dicial to him, and so impolitic in only execute in sessions, of makits effects, as to counteract anying orders of maintenance on near advantage which could be derived relations. from such diminution of litigation. That a power should also be These are among the reasons for given to enable overseers to rewhich the committee suppose that cover, by a summary process, the no alteration, sbort of that which possession of tenements which they venture to propose. would they may have rented and used for have the effect of removing the the accommodation of the poor, evil of litigation incident to the without being driven to the tediprenent law of settlement. But it ous and expensive proceeding by is to the labouring class of the wav of ejeciment. community that they conceive this Yourcominittee moreoverthink, great alteration would be must that the vertion and expense of beneficial. It would insure their removals might, in some instances, being maintained where they had be saved, by an arrangement for maintained themselves; where they postponing the execution of the would be more likely, if inerito. order, till after a final decision in nous persons, to experience in care of appeal. case of need the kindness of real It is also suggested, that the benevolence. It is beped also that power given by the Mutiny Act it might operate as an inducement (vid: 56 Geo. III. cap. 10, sect. to active and faithful service on 70,) " to any justice of the peace, the one hand, and on the other, to where any soldier shall be quarterpresent such service being inter- ell, in case such soldier have either rupted by an interested con-j. wife, child, or children, to exderation for parochial funils. And amine such soldier as to the place they propose this alteration with of his last legal settlement, and the more confidence, because they which requires him to give an atthereby recommend the restoration ressed copy to such soldier, of any of that law, which was coeval with affidavit made by him in this reparohial contributions, whether spect, in order to be produced oluntary or compulsory; and when required; and which probecause it is still the existing law vides that such attested copy shall in that part of the l'nited King. be at any time admitted in evin domn, Scotland, where the local dence, as to such last legal settlemanagement and maintenance of ment," be extended to any person the por has been best conducted. confined in any gaol or place of

There are some other sugges. safe custody in Great Britain, protons of inferior importance, which vided that such copy of the examihave not found a place in the fure nation shall not be admitted in Fring part of the Report, to which evidence after the discharge of nr committee would refer be such prisoner. fure they conclude their observa By the act 99 Geo. III. c. 83, it theins.

is provided, that when any appli. It appears desirable, that jus. cation shall be made to a justice tices out of sessions should have of the peace for relief, such justice the power, which they can now shall not summon the guardian,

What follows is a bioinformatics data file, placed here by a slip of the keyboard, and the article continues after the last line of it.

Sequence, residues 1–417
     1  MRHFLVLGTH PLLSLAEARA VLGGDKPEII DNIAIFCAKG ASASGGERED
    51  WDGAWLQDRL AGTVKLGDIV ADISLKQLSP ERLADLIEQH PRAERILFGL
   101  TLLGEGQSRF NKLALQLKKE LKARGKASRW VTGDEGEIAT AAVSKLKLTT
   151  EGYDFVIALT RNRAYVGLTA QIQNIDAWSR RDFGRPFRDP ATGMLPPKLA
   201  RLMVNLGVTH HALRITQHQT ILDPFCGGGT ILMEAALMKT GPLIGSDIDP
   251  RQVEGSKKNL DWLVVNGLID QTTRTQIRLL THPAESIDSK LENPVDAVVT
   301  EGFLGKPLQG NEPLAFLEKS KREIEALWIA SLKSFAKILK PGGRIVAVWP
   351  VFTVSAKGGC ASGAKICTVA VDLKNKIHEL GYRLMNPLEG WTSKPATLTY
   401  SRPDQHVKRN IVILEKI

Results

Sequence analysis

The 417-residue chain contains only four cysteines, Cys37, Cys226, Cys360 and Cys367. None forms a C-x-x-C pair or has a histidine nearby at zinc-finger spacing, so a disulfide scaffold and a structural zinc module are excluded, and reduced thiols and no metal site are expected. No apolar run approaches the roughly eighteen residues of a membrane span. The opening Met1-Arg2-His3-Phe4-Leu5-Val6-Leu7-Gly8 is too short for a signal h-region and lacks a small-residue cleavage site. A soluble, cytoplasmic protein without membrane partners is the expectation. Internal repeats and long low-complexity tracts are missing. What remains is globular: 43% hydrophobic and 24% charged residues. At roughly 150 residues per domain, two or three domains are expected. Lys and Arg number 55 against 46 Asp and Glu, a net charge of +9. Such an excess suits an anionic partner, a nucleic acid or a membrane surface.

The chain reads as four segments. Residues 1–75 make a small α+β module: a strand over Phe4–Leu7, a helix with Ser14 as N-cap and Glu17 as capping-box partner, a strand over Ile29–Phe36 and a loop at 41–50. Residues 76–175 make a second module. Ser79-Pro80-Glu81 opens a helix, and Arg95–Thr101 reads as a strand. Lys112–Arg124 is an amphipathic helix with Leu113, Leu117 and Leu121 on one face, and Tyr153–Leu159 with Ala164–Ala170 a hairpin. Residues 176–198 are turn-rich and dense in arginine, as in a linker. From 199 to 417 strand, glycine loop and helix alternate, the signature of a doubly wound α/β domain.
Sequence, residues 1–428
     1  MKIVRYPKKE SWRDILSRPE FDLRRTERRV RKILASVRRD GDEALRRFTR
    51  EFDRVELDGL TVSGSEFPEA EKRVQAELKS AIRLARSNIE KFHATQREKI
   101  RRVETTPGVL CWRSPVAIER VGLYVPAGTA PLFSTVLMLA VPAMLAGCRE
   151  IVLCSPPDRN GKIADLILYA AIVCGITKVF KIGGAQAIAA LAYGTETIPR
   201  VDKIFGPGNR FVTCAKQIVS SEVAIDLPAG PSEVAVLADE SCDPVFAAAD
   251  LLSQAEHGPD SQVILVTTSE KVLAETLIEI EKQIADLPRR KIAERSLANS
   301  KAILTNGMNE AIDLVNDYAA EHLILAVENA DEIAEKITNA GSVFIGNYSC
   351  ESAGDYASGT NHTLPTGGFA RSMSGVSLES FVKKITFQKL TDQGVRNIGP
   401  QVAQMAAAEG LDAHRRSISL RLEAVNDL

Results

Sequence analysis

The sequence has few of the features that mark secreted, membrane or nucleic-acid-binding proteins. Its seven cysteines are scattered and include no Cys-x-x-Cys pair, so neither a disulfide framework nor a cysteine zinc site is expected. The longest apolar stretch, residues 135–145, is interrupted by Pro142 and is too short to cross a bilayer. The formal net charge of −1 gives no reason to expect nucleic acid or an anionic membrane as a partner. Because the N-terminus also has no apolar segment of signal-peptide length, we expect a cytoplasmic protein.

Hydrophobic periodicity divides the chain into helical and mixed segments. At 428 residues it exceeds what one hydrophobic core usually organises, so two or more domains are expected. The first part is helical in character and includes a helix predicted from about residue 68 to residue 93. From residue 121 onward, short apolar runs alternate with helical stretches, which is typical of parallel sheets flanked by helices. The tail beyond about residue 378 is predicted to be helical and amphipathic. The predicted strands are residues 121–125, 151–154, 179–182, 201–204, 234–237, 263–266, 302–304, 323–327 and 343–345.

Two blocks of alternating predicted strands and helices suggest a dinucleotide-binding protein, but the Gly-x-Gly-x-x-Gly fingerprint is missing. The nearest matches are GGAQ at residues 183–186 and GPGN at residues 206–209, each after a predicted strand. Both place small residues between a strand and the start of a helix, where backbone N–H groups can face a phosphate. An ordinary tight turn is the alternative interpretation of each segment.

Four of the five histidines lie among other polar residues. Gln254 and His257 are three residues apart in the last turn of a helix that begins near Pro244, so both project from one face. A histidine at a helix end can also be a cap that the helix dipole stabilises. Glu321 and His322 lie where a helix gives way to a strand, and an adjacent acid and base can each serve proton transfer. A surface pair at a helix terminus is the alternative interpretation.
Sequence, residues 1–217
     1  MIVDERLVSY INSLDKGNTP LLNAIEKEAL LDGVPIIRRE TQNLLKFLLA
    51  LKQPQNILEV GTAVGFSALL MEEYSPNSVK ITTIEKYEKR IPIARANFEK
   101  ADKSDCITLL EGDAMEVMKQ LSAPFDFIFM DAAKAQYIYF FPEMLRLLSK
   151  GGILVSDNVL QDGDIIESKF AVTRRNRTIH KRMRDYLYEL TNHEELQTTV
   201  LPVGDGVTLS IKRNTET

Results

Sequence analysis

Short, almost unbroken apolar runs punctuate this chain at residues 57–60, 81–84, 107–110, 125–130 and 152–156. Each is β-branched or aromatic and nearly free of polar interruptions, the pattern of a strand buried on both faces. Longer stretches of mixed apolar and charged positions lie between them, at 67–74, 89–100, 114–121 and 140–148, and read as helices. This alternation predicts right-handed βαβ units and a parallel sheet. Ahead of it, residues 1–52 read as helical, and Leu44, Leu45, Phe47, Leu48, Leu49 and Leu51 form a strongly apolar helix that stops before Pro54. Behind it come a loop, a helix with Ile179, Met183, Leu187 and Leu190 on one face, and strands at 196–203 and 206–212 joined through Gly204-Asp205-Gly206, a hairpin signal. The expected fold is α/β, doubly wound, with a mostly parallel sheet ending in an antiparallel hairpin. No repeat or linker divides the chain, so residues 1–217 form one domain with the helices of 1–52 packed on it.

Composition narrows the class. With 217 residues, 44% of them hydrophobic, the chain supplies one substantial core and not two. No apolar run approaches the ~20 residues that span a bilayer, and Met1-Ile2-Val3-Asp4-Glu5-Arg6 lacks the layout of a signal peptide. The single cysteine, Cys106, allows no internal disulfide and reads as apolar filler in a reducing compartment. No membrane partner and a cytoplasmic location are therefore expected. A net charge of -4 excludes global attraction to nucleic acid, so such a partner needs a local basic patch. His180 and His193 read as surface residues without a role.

unless

unless application shall have been riod of depression and distress first made by the applicant to the may bring out more prominently guardian, and if he refuses redress, the weak and unsound parts of to the visitor. In incorporated the system, it is obvious that the parishes, the visitor is frequently application of the most effectual from ten to fifteen miles distant remedies is at such a monent of from the residence of the pauper, more than ordinary difficulty. and frequently absent from home. And if it should be the pleasure of Some alteration in the law appears the House that the consideration necessary to obviate this incon- of this subject should be resumed venience.

in the next session of parliament, Your committee have thus stated no inconsiderable advantage will tu the House the result of a la- be derived from that mass of inborious investigation, which has formation contained in the returns been protracted to a period of the in 1815, to which they have not session which precludes their pro- yet had access, and from a further posing at present such legislative valuable accession of detailed acenactments as it might be thought counts of the admirable practice fit to adopt. They cannot, how- of Scotland. ercr, regret this circumstance; July 4, 1817. for, conceiving that the House expected at their hands a general revision of the whole system of The Committee appointed to examine our Poor Laws, in which, though the several Petitions, which have it be not difficult to point out in

been presenied tothe Mouse against conveniences and mischiefs, yet the Employment of Boys in sweepthe task of providing practical re ing Chimneys; and who were emmedies is so arduous that your powered to report the same, with committee is persuaded, that even

their Opinion and Observations more time and labour would not

thereupon, together with the Mihave been inispent in considering

nutes of the Evidence taken before further the various provisions of

then ;-having examined Evithe law, and the numerous pro dence upon the sulject, have agreed posals which, from different quar to the following Report. ters, have been submitted to their judgment. The House also will Your committee have felt it not be called upon to adopt any their duty, in the first place, to of the suggestions of this Report, inquire into the laws that at pretill an ample opportunity will have sent regulate the trade of chimneybeen afforded to correct any errors sweeping ; and they find, that in in the judgment of your commit the year 1788 an act of parliament tee, or to confirm their opinions : (28 Geo. III. chap. 48.) was passand this delay will above all be sa ed, entitled, “ An Act for the betlutary, if the lapse of time, aided ter regulation of Chimney-sweepby a more favourable season, ers and their Apprentices." To should restore the kingdom in the preamble of which, they wish some degree to its wonted and to direct the attention of the healthy state. For, though a pe- House :- Whereas the laws now